Another attack on unions is to blame the financial mess the government finds itself in on public employee. The Governor has highlighted the public pension system, Education, and Medicaid as his priorities to “fix” the State’s financial problems. Why bother to address the tax loopholes that allow private corporations to pay their executives millions of dollars as stock options (subject only to capital gains tax on the increase between their original value and their value when sold) rather than paying them income which would be taxed according to marginal income tax rates? Why bother to address the fact that corporations are sitting on billions of dollars and are still reluctant to hire workers? And why bother to address the fact that we are not losing jobs due to high taxes, but due to the desire to generate greater profits by outsourcing? Public employees have earned their pensions. Shame on those who would villianize employees for attempting to protect that which they have earned. The discussion to eliminate these pensions is a paradigm shift from defined benefit to defined contribution. Again, this is not only a local argument but, also, a national debate. Look at Social Security.
Even Ed Mangano, our County Executive, blames the public unions for the mess Nassau finds itself in and wants to freeze pay and layoff untold numbers of public sector employees. I don’t recall his opposition to these contracts while he was a County legislator. When he starts laying off public workers, how much longer will you have to wait for a snowplow, sanitation truck, ambulance or police officer?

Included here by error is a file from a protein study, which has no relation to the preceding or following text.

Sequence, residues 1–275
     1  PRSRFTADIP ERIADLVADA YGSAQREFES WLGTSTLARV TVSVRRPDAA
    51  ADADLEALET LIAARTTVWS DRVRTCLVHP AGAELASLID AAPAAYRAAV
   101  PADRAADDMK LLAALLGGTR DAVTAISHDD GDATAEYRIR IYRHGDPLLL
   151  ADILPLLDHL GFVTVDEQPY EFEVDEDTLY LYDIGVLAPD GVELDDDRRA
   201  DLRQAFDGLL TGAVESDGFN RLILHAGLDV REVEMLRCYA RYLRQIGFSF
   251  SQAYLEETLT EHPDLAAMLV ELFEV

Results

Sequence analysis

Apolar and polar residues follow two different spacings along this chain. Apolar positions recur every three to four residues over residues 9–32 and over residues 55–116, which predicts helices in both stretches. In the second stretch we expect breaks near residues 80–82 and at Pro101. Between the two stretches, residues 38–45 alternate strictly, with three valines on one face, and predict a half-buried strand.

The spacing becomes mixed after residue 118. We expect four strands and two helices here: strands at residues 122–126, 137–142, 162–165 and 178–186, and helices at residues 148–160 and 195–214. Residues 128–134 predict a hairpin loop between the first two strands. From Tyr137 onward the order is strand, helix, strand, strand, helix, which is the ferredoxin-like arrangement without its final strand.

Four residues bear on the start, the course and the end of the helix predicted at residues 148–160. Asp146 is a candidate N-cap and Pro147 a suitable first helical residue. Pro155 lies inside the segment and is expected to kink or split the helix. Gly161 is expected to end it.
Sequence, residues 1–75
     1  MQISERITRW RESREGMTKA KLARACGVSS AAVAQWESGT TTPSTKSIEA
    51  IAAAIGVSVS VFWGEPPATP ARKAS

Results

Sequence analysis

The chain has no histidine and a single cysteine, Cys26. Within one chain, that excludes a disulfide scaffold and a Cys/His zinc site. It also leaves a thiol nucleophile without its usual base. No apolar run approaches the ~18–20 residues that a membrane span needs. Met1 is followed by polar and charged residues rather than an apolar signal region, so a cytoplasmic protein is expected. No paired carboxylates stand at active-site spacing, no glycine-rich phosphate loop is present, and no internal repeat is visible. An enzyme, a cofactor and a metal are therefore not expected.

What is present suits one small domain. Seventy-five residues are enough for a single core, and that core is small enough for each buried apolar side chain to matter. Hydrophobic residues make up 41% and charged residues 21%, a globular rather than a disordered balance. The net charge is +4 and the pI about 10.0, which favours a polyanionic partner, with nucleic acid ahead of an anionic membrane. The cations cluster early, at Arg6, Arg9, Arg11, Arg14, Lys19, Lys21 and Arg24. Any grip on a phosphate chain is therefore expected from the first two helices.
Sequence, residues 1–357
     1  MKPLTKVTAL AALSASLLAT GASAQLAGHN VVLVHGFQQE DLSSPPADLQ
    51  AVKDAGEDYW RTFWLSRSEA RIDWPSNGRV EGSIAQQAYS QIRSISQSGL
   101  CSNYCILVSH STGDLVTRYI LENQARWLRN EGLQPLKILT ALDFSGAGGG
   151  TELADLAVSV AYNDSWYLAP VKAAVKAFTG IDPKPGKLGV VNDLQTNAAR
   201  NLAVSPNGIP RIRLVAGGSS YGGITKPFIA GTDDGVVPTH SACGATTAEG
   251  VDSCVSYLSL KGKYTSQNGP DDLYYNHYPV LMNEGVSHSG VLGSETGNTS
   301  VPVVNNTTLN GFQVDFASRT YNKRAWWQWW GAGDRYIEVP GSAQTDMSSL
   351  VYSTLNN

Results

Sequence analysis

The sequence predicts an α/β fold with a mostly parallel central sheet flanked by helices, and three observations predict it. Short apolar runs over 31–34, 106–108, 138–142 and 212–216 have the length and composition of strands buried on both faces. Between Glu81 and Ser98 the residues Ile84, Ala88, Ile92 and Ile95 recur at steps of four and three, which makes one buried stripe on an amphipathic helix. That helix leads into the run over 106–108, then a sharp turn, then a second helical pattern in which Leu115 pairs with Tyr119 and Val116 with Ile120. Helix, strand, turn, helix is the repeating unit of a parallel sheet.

And when will the proverbial axe fall on us?
New York State has reduced its base aid to Nassau Community College to $2,260 per FTE, the lowest it has been in a decade. For the second year in a row Nassau County has failed to increase its contribution to the college by its previously standard 3.9%. The new NIFA takeover could result in a further reduction of County aid to the College. SUNY Chancellor Nancy Zimpher will, beginning in 2012, apportion state aid to campuses based on performance criteria including student course and degree completion using a formula as yet to be defined. And of course we all recall last year’s “Task Force”, charged with identifying areas for potential savings. Dr. Astrab has announced that the College faces a structural deficit over the next several years, assuming no increase in State or County aid, minimal tuition increases and a flat enrollment. Last semester, 32 NCCFT members took advantage of the Early Retirement Incentive and 25 Temporary appointments were made to replace them for the Spring semester. There is tenuous expectation that these lines will be renewed in the Fall 2011 semester. For the sake of the students we serve, we must work to maintain the integrity of our educational offerings by protecting faculty lines.
On the national level, there is an attack on tenure. Just look at Waiting for Superman. And, if you don’t think this attack has anything to do with us, think again. This Administration and Board of Trustees are setting the stage for their own attack on the tenure system.
We are asking that each of you be vigilant. Our contract sets out the conditions that support the high quality education we provide. In times like these we will need to work together to protect it.
Happy New Year!
NCCFT Vice President for Classroom Faculty